“We always said our Olympic legacy was the level of interest we created in the sport; this investment will help us to turn inspiration into participation.”

Triathlon England logo

Triathlon riding high as Sport England backs ambitious legacy plans
Triathlon is to receive £7.5 million to grow the sport and find the next generation of would-be Brownlees.

Four months after the Brownlee brothers’ Olympic excellence transformed the profile of triathlon, Sport England has backed the sport’s plans to continue its rapid expansion.

Individual race starts have grown by 50% over the past four years, with big increases among women and men. With £7.5 million of Sport England investment, Triathlon England aims to continue that rate of participation growth over the next four years, as well as supporting talented young triathletes.

£2.2 million of Sport England’s investment will fund talent development; including a new paratriathlon talent support programme after the sport was included in the 2016 Paralympic Games. The aim is to integrate the paratriathlon programme at a regional level with the existing talent programme to provide athletes with access to high-quality coaching and support. Improvements to the overall talent programme include additional coaching time, access to more competitions and improved links with the UK Sport funded World Class programme.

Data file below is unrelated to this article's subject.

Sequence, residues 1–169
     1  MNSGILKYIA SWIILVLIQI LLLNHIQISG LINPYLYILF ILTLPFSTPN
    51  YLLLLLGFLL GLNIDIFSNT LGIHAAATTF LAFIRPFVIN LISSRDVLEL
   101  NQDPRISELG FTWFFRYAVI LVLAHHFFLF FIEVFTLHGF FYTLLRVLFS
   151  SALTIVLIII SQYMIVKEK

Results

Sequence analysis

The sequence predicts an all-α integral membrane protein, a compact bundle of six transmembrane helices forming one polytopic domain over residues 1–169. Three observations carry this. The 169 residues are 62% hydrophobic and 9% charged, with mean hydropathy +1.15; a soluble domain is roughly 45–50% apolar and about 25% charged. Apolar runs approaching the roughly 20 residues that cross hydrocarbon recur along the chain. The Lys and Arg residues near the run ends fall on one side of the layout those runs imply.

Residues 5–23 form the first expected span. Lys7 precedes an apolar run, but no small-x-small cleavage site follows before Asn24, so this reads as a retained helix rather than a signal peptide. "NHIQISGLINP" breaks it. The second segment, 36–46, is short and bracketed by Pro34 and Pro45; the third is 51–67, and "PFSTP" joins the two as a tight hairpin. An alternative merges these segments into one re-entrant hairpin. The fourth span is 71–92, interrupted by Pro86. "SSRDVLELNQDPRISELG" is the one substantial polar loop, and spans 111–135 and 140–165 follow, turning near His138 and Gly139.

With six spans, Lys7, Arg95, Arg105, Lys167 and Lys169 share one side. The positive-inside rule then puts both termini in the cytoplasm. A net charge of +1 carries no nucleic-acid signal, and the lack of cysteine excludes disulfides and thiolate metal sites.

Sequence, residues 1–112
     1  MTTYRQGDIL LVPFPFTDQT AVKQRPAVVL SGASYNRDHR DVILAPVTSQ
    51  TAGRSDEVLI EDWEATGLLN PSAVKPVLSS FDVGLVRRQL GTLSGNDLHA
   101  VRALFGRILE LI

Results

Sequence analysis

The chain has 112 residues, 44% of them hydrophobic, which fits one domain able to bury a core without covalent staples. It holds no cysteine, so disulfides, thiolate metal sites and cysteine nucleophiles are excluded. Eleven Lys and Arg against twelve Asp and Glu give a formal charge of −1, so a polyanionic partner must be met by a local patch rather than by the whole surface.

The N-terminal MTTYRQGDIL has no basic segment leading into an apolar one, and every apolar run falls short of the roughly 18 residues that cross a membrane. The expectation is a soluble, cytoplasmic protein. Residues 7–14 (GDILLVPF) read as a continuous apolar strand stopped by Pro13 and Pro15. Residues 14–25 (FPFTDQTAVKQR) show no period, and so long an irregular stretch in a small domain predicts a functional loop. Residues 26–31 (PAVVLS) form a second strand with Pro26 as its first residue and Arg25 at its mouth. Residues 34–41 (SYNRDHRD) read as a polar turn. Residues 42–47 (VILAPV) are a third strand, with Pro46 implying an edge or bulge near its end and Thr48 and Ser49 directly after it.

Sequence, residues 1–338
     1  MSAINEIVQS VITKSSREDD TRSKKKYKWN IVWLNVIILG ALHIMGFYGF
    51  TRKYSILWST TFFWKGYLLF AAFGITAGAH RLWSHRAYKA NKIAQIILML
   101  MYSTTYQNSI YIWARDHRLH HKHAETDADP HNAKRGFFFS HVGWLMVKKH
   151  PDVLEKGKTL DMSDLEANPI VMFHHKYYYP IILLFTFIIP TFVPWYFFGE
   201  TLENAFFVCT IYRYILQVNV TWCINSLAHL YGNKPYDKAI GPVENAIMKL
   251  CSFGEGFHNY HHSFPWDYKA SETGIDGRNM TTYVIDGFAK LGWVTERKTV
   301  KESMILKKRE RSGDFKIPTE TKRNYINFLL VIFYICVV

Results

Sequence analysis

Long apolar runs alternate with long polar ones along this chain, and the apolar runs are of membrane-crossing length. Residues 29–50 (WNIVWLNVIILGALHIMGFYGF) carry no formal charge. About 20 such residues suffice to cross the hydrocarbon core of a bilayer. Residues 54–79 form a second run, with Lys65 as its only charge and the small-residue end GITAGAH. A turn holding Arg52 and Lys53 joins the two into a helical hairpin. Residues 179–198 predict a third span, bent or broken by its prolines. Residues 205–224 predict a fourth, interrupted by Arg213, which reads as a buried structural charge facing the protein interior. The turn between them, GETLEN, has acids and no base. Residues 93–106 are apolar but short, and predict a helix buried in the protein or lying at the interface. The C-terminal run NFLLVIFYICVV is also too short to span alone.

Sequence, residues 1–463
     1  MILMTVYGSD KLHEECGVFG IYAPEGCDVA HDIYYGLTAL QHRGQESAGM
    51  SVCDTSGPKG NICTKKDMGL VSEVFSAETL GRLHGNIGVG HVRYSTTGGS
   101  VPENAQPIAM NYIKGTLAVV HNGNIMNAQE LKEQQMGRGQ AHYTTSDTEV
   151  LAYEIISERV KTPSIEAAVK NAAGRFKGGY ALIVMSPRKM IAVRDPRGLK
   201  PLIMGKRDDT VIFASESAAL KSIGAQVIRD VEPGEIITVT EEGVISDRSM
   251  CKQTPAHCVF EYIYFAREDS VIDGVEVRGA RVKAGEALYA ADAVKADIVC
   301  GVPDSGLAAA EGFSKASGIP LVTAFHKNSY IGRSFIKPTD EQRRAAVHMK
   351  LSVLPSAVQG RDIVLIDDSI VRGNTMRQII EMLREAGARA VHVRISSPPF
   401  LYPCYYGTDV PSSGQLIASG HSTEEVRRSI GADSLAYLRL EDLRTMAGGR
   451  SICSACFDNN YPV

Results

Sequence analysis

Working closely with the commercial sector, Triathlon England’s plans to increase participation in the sport centre on improving the quality of events and a strong understanding of the existing and potential triathletes, and hence how people’s loyalty can be built and maintained.

Sport England’s investment will support:

  • A low cost events programme providing triathlon, duathlon and aquathlons to help address perceived cost barriers to getting involved
  • A major events programme focusing on areas that don’t currently have large-scale triathlons, aiming for an exceptional athlete experience in iconic locations